September 10, 1894
Liverpool followed up their fine performance with the Rovers by an even better exhibition against Burnley at Turf Moor on Monday evening. The previous contests between the clubs have been evenly contested, and, therefore, the young aspirants for League honours met the almost unassailable Turf Moorites with but little concern.
The game was splendidly fought out and gave unlimited pleasure to the spectators who witnessed it. The play was of the ding-dong order, rather than of the methodical style. Neither side gave any quarter, and, consequently, there was never a slack moment throughout.
Burnley for once were tackled with their own peculiar style of game, but not possessing the determination and rare dash of their opponents were lucky to escape defeat. A vast improvement was noticeable in the Liverpool team. They combined infinitely better, shot accurately and with force, whilst the wing forwards repeatedly raced away from the Burnley backs, and the whole team stayed right up to the finish.
The last quarter of an hour’s play was mostly in Liverpool’s favour, and the home club must thank the referee for rescuing them from what would have been an ignominious position. Yet, as the result stands, it certainly is highly creditable to a team composed as it was of players all of whom, excepting William McCann, are included in the category of being last season’s performers.
Favoured with grand weather, the opening game at home was a complete success in every sense but one – the inability of the home team to follow up their previous prowess by taking a point out of the Aston Villa. This unpalatable fact is due to two or three causes. First, the injuries the men received at Burnley, and which showed itself distinctly in the latter stages of the game; secondly, the continued indisposition of Neil Kerr, and disinclination to play on the part of Jimmy Ross, which of course, causes the club to be heavily handicapped; and thirdly, to the altogether unaccountable manner several of the team, especially those from whom it was least expected, lost command of themselves at a most crucial point of the game.
Had these players kept their work with their accustomed collectedness and deliberation, it is not saying too much that the home club could have at least wound up with a draw. On the other hand, every credit must be given to Aston Villa, for their untiring energy and promptitude in availing themselves of the apparent looseness of the Liverpool players, and converting what, up to the last quarter of an hour, appeared to be a defeat into a well-earned victory.
That the better team won no one will gainsay, but when the Liverpool forwards get moulded in something like first league form the team will have to be treated with due respect by all comers. If Andrew Hannah and his team will review the game aright, and each member resolve to correct the slight but disastrous errors which were apparent on Saturday, then the defeat may be productive of more real good than a victory which might have intoxicated the players with false ideas of greatness and undesirable pride.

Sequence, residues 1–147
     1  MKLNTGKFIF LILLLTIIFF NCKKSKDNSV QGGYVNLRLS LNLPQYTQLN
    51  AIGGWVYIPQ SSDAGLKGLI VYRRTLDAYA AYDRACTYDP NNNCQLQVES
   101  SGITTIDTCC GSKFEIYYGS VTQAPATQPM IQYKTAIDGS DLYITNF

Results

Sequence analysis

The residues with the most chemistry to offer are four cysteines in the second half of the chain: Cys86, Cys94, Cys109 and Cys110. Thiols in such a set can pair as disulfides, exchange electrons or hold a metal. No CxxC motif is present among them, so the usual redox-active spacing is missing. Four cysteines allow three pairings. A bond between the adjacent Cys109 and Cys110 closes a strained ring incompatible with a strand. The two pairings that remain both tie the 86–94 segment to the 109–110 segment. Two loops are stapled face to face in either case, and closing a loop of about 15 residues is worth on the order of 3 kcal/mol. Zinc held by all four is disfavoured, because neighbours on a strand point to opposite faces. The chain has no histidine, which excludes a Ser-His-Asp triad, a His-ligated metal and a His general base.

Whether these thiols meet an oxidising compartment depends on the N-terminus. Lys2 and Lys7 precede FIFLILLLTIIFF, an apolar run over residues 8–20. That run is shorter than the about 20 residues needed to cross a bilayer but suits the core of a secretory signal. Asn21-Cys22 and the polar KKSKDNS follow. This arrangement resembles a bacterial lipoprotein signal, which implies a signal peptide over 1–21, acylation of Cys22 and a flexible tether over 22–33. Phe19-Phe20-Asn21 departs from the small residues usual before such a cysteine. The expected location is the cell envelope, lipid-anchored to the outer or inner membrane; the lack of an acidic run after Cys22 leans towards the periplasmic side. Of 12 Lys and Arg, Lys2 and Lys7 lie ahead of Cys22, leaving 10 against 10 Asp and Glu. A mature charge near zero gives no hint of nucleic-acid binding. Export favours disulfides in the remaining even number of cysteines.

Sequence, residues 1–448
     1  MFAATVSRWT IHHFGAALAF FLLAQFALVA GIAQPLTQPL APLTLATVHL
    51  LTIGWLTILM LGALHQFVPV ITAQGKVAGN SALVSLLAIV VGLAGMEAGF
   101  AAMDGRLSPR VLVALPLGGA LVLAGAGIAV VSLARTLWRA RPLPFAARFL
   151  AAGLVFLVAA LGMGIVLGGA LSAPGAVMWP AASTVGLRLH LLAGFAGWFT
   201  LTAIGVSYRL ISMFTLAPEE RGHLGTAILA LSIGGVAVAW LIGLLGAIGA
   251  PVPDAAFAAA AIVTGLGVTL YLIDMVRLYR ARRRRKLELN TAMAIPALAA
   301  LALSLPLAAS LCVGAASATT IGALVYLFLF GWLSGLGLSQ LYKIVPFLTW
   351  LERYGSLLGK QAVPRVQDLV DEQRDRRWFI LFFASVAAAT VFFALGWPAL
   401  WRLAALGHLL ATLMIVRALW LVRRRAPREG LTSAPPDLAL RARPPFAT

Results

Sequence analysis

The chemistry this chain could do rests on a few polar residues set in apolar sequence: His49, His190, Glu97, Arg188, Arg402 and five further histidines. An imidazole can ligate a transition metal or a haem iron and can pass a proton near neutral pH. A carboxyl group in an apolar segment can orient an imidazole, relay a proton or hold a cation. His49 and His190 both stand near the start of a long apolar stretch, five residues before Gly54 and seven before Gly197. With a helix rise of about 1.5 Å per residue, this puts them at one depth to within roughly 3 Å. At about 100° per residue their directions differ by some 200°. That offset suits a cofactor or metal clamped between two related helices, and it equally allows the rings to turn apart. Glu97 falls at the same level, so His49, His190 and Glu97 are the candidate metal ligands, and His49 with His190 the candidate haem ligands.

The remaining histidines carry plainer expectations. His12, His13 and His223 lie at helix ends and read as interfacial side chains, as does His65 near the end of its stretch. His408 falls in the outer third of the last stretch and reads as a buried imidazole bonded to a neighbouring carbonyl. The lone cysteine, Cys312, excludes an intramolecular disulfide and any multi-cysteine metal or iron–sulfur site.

Even with the result, as now recorded, no disgrace can be attached to the Liverpool club, as throughout last season’s league tourney the Villans suffered reverse on but five occasions. William McCann unmistakeably demonstrated that he is the right man in the right place, and must be commiserated with in his ill-luck when clearing that shot from Steve Smith, which resulted in the visitors equalising.
Andrew Hannah and Duncan McLean were superb during the first half and greater portion of the second period, but then appeared to lose their tempers, and their play in consequence suffered greatly. Matt McQueen was in excellent form at left half, checking Charles Athersmith and Bob Chatt most successfully.
Charles Athersmith, Aston Villa (Lloyd’s Weekly News: November 6, 1892):
Joe McQue was evidently somewhat out of sorts. The injury he received at Blackburn still has a deterrent effect upon his play, but no doubt he will soon be himself again. He had a wily customer to face in Jack Devey, and that he coped with such a class player is the manner he did in the first half is highly creditable. John McCartney, through lack of speed, was nothing approaching the success he was in the two previous matches. If James McBride is fit to play, it would appear to be advisable to introduce that player in the half-back division in preference to McCartney when opposing clubs possessing speedy forwards.
Jack Devey, Aston Villa (Lloyd’s Weekly News: March 24, 1895):
The home forwards at times showed up finely – their dashing and headlong rushes taking the Villa’s defence by surprise, and being always an imminent source of danger. Harry Bradshaw, Hugh McQueen and Patrick Gordon were most prominent, although John Givens put a lot of honest work in in his onerous position, but did not shine as a shootist.
Albert Wilkes, Jimmy Welford, and James Elliott make a very string and combined defence, Elliott showing slightly the best form. The three halves are exceptionally good, Jack Reynolds and Jimmy Cowan, in particular, defending, attacking and running in brilliant style. The forwards generally displayed grand football, dodging, passing, and repassing in fine style; but their shooting was of the lowest order, lacking both sting and precision.
Jimmy Ross was upon the ground, and did not play owing to the want of condition. It is expected, however, that he will take part in the game on Thursday against Bolton Wanderers. The gate realised between £500 and £600, and is the record for the Anfield-road enclosure.
(Liverpool Mercury, 10-09-1894)
Jimmy Ross, about to get ready to play for Liverpool F.C.